30 October 2012

5 Reasons I Was A Better Teacher My First Year

I was a better* teacher my first year. Here's why.

Such enthusiasm. A world where I still flipped up my hair in the front (and pulled it off.) 

1. First year teachers will try anything.

If you were anything like me, you were always willing to lend an ear to someone with a different strategy for illustrating properties of equality, tactfully contacting parents of difficult students, increasing engagement, or establishing routines. The further I get into my teaching career, the less willing I feel to take a new tip.

2. First year teachers don't have bad experiences and classroom baggage.

Remember that first student who tried to drive you bananas? The first time you felt like an administrator didn't support you? The first time your perfect lesson bombed? The first time your students disappointed you? The first time you disappointed your students? Ever wish you didn't? The longer we teach, the more we have to forgive, the shorter memory we require, and the greater courage we muster to put ourselves out there again.

3. First year teachers "wing it" less.

Before you start to feel like a vet, there are those 1,2,3 years where you don't. Where planning ahead isn't a luxury and "good professional practice" - it's a necessity just to get through your lessons.

Now that the level of structure and planning is on my terms, I know that proper planning for instruction really is best, and that my worst days teaching usually come on the days I'm least prepared. My students are less focused, my transitions take longer, and fewer students are engaged. Granted, winging it is helpful for the days you're distracted by family demands at home or you're a bit under the weather, but prepping like a rookie usually keeps my teaching fresh.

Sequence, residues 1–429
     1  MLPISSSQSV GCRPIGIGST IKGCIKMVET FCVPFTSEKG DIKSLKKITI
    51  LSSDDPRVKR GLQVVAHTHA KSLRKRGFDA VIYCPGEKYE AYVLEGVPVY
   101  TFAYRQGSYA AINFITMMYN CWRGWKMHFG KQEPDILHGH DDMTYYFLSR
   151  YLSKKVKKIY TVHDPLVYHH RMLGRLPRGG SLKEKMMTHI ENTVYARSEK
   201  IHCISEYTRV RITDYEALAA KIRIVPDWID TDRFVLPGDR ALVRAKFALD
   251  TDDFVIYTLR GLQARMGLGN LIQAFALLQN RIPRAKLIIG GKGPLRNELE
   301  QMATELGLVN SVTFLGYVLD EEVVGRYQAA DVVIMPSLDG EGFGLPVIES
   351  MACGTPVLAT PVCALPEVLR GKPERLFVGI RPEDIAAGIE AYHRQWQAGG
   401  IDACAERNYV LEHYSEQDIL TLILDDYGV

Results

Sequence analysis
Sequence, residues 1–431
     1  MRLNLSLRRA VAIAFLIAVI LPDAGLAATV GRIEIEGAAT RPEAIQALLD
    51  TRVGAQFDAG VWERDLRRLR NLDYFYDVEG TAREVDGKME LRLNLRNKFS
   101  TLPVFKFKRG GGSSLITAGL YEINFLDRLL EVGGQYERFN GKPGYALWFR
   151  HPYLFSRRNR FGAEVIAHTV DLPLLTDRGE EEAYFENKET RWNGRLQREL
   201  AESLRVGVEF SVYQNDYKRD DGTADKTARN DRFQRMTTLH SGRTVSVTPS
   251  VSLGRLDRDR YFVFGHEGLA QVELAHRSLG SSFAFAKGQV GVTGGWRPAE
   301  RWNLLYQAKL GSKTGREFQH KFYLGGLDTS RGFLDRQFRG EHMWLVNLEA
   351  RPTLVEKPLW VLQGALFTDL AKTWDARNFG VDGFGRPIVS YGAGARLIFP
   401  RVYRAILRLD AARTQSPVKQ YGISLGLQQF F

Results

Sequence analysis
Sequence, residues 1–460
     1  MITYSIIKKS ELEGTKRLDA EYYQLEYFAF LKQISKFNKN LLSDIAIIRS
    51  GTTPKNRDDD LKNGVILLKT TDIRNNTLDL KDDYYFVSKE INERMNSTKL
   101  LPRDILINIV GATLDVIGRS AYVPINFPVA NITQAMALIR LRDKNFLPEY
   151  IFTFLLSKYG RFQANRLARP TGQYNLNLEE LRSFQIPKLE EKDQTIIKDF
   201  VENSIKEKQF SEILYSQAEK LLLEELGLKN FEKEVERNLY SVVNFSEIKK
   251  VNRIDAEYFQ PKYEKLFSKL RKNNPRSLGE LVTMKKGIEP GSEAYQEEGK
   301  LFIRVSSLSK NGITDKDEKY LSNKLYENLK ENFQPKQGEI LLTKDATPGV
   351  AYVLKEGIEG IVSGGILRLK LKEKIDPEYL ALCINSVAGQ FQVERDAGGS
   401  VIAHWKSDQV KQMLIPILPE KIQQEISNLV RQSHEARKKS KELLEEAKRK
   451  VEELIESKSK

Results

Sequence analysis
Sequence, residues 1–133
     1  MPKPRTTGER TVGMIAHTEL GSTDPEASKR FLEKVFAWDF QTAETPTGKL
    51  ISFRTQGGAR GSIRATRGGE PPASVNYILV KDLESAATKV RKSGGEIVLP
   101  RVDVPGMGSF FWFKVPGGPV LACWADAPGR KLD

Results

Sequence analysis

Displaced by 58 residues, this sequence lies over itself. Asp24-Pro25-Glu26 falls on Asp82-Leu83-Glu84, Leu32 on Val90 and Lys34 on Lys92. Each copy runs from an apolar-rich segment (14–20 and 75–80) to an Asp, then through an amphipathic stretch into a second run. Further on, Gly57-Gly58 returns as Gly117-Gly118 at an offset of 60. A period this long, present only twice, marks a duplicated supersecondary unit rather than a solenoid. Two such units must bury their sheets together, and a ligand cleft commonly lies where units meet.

4. First year teachers follow policies. (For better or worse).

As ridiculous, redundant, or reactionary as some of the bureaucratic hoops we have to jump through may be, by George, I was minding my ps and qs my first year. Some teachers are more likely to take one for the team and go through the motions than others, but even the most defiantly natured first year teacher will follow more policies. And sometimes (often?) following these policies really is best for maintaining school environment and student expectations.

5. First year teachers don't know what doesn't work.

This is connected some to #1, but because I didn't know what strategies "didn't" work, I was willing to try. I was amazed at the (proven) effective strategies from the Marzano group. I expected everything I picked up from PD expert my school brought in to work. (Sadly) I believed then that every PD my district would offer me was going to change me life. (And maybe it did because I believed it would.) This sometimes results in ineffective lessons I can avoid with more experience, but there's something to be said for the power of a positive attitude and an open mind.

We entered the city golf-cart Christmas Parade for Math Club. I'd label that under "crazy" these days. We're not Minnesota, but golf-carts on December 5th is still too cold.
*I say "better" because these are qualities of a good teacher that are inherent to new teachers that overcome other inadequacies. If we keep these qualities as we add experience, we slide into that professional growth sweet-spot. Master teachers are made.

What about your first year experience do you wish you'd hung on to? What are you most glad is over?

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Thanks for sharing!